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Moving dentists to vaccination programme will cause 'irreparable damage' to children, says IDA

IDA President, Dr Anne O’Neill said that the organisation had “lost faith” in the Department of Health to implement change.

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Image: Shutterstock/Anna Jurkovska

THE IRISH DENTAL Association (IDA) has said that moving public sector dentists to the vaccination programme will cause “irreparable damage” to children and vulnerable adults.

Speaking at the IDA’s AGM this morning, outgoing IDA President Dr Anne O’Neill said that while dentists are willing to be used as vaccinators, their absence from the public sector will create a lack of early intervention.

“It is important to state that their absence means a lack of early intervention, a lack of early diagnosis and treatment of dental diseases to both children and vulnerable adults, some of which will result in the loss of teeth for life,” said Dr O’Neill.

“This has led to significant issues, not least the fact that irreparable damage is being left untreated in our child population.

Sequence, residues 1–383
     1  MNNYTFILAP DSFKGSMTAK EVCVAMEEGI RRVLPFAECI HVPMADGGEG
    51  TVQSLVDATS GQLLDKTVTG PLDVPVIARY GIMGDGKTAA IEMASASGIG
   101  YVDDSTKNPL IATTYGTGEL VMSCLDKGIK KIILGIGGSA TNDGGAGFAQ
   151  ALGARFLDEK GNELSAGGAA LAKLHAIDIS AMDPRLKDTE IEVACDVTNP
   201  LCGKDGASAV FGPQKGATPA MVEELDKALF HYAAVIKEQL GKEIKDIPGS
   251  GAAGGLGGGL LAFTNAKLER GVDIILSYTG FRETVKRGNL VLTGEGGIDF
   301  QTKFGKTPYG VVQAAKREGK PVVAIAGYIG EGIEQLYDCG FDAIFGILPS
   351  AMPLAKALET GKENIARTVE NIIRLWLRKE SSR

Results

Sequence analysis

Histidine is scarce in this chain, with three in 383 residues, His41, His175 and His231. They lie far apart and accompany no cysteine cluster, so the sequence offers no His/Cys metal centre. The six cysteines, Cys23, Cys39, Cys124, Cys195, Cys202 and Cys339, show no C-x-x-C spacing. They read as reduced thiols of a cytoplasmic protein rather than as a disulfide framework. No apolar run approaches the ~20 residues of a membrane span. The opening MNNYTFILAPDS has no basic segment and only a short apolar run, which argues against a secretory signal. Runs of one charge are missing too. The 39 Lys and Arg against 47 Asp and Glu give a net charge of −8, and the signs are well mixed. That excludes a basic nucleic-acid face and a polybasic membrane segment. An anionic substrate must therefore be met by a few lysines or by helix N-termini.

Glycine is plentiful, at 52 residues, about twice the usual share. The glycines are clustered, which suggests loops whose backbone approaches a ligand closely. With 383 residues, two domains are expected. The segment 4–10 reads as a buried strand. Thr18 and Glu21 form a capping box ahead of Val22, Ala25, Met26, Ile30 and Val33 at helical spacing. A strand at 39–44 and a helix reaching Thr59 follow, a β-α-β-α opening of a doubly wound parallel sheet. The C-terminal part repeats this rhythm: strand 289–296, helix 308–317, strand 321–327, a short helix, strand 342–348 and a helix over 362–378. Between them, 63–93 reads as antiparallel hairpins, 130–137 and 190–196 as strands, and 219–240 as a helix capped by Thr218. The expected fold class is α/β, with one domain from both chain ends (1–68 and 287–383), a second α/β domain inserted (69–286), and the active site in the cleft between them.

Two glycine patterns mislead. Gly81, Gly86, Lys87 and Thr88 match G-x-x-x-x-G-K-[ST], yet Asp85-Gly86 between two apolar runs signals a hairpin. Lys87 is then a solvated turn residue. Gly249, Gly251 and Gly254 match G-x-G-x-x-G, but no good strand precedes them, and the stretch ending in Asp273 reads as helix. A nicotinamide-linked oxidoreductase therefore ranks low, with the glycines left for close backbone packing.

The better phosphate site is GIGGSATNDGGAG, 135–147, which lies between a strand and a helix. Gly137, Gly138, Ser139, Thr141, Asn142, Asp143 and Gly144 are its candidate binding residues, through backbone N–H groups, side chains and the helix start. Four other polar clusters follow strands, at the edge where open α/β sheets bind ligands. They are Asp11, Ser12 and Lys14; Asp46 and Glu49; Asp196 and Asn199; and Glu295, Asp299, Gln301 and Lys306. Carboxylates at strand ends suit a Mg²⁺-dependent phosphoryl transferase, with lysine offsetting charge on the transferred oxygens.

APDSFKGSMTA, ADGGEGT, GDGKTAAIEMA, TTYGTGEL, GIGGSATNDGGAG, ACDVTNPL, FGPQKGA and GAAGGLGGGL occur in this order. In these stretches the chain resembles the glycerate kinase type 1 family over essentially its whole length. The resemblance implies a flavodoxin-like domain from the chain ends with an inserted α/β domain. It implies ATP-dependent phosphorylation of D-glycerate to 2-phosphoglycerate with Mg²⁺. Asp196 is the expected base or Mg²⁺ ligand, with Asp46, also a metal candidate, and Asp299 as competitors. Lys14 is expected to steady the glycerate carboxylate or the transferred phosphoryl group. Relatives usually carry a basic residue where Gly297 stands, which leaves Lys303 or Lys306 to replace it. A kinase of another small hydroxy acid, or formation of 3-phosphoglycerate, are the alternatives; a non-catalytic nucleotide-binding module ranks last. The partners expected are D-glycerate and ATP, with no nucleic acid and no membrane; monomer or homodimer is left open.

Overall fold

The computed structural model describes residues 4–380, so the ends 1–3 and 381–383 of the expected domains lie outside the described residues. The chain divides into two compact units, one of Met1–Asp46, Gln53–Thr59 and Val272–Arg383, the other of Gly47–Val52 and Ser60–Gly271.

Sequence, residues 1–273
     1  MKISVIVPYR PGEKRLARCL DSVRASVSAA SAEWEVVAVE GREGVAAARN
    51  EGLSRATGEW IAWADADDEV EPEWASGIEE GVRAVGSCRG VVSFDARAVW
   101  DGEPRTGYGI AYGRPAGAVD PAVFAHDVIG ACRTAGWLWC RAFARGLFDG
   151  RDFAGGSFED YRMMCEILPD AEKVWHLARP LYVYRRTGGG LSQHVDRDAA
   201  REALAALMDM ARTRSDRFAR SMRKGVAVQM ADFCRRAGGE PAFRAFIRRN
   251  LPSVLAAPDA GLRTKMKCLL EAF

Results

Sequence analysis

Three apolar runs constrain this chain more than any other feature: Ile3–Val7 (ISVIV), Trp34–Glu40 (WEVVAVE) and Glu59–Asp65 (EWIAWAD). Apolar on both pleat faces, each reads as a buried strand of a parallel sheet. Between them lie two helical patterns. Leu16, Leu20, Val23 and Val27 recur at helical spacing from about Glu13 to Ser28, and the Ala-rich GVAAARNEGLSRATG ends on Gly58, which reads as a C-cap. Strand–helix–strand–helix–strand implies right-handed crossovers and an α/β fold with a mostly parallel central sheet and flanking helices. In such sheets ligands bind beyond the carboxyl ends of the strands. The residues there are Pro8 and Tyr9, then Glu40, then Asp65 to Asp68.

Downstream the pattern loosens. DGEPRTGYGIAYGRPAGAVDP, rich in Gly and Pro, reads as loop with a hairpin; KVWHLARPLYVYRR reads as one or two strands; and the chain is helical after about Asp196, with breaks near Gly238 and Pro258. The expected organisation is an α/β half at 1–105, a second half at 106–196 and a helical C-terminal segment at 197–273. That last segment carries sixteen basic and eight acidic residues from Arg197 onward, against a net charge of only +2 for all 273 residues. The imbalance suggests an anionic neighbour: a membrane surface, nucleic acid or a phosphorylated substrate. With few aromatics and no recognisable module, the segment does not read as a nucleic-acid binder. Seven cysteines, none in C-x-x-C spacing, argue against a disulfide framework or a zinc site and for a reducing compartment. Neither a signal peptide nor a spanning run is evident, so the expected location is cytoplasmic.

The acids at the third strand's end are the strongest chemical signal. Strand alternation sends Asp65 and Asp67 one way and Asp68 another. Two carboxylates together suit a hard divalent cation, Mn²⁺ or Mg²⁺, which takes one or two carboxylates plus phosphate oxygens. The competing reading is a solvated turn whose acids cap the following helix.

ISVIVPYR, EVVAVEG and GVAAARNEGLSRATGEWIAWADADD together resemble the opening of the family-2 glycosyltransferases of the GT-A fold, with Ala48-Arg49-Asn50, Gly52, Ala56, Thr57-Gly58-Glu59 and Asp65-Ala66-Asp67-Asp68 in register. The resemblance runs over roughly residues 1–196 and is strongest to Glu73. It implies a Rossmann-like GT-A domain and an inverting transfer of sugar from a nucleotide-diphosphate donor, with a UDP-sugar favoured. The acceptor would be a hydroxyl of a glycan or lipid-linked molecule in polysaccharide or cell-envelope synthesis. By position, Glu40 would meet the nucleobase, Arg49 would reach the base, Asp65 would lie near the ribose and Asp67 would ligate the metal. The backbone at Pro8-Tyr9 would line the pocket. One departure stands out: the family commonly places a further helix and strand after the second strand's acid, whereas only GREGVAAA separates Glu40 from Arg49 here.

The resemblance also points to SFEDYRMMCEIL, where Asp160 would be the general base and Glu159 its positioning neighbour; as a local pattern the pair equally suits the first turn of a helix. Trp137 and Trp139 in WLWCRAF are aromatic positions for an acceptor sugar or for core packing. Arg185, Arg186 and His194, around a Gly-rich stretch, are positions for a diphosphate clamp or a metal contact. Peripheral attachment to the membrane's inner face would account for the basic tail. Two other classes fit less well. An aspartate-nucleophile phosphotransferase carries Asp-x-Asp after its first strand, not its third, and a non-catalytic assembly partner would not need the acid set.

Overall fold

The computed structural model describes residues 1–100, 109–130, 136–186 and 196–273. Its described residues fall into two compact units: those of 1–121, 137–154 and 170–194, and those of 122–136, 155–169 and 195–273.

If we are truly interested in providing a patient-centred system to support oral health, we must keep the needs of the patient in focus when considering any changes to the existing system.

Dr O’Neill also said that the organisation had “lost faith” in the Department of Health to implement substantive change for the good of dental patients.

The criticism was primarily levelled at the Dental Treatment Services Scheme (DTSS), which allows medical card holders to receive dental care.

Dr O’Neill said that the scheme was widening the gap between those who can afford dental care and those who cannot.

A spokesperson for the IDA said that the system was outdated and unfit for purpose.

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“Fewer than 800 of the country’s 2,500 general practice dentists were actively treating medical card patients last month as record numbers of dentists abandoned the DTSS scheme following unprecedented funding cuts,” said the spokesperson.

The spokesperson said that an entirely new approach was required, not tweaks to the existing system to allow for adequate care.

The IDA currently represents 2,000 dentists, both public and private, practicing in Ireland.

The Department of Health has been contacted for comment, but none has been received at the time of publishing.

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